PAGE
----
February 18th, 2011
02:31 PM ET
Every weekday, a CNNHealth expert doctor answers a viewer question. On Friday, it's Dr. Melina Jampolis, a physician nutrition specialist.
Asked by John Simmet, St. Paul, Minnesota
I am male, 55, 6 feet 5, 300 pounds. I am in good health (other than weight), active in biking and weight training but am interested in jogging. Am I too large to train for a 10K? Would that be detrimental to my joints?
Hi, John. I'm so glad that you asked this important question. Jogging is a terrific, simple and low-cost way to lose weight as it burns significantly more calories (up to 65% more) than walking or biking, but many people who are overweight or obese probably avoid it due to fear of joint injury.
I consulted with orthopedic surgeon and sports medicine specialist Dr. A Shabi Khan, who explained that biomechanical studies have never proven that running, even marathon running, promotes cartilage damage in a normal knee.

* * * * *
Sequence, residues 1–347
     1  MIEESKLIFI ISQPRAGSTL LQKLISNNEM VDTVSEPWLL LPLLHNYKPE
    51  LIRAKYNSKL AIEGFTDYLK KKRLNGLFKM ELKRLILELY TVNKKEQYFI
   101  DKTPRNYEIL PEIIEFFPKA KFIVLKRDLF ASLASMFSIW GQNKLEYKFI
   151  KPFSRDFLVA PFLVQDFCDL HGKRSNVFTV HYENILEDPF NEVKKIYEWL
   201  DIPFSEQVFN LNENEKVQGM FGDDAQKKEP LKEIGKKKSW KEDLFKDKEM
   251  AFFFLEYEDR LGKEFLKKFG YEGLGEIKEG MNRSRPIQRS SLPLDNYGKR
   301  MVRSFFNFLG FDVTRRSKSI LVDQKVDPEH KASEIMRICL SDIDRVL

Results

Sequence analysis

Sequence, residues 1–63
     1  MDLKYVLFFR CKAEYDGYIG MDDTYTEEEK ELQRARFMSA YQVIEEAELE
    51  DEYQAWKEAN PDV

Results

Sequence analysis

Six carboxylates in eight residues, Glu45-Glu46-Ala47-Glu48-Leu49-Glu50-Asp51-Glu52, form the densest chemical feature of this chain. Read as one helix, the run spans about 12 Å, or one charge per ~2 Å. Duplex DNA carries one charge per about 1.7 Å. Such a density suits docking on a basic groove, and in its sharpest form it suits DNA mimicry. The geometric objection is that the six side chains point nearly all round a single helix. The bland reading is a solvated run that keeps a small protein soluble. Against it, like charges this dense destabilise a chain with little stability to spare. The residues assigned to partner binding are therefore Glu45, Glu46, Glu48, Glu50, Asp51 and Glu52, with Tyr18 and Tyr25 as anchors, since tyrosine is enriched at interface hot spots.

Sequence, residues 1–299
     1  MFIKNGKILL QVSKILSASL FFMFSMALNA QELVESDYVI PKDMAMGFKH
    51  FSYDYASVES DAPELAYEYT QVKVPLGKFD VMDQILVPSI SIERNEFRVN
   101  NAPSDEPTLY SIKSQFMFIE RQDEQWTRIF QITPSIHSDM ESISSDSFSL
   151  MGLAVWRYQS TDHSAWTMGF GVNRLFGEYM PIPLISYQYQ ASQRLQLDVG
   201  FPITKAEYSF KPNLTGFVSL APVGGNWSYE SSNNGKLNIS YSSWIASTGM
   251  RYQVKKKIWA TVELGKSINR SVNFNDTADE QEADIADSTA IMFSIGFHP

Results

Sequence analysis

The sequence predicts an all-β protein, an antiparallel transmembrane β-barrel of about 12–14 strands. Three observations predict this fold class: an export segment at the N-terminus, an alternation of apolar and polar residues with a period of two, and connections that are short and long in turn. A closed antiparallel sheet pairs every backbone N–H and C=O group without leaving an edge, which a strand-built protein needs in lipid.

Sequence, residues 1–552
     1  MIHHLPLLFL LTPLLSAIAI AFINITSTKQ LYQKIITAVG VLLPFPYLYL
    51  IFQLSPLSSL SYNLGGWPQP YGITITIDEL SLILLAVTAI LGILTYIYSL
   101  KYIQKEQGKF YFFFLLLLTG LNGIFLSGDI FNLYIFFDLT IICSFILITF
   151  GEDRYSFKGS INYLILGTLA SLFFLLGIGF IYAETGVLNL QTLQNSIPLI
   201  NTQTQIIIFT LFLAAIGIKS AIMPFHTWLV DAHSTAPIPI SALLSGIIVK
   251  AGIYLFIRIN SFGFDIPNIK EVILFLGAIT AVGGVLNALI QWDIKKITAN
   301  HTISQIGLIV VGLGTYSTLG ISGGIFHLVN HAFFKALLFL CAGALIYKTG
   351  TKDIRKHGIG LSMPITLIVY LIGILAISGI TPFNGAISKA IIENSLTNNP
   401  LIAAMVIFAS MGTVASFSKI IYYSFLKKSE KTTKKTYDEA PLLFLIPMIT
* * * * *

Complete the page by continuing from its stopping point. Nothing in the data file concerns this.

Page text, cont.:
What constitutes a normal knee? It means that you have had no significant knee injury in the past and that you have no evidence, whether by X-ray, MRI or physical examination, of arthritis or cartilage damage in the knee. So even if you are overweight or obese, if you have no existing knee damage, it's OK to try jogging.
If you have evidence of arthritis in the knee, persistent or recurrent knee pain, or history of a previous knee injury, this does not necessarily mean that you can't jog at all.
Depending on the severity of your arthritis or past injury, you could consider cross training in addition to jogging to get in shape for the 10K without putting too much strain on your knee.
This could include continuing the bike and using the elliptical machine or StairMaster. In addition, make sure to continue your strength training, and focus on strengthening your quadriceps (front of the thigh), which are important for runners. The two main exercises for quadriceps include leg extensions (usually done on an exercise machine) and squats.
If you have knee problems, I highly recommend seeing a physical therapist or orthopedic surgeon for evaluation before starting a vigorous jogging training program. And of course, make sure to get medical clearance from your doctor before stepping up (no pun intended) your cardiovascular exercise regimen.
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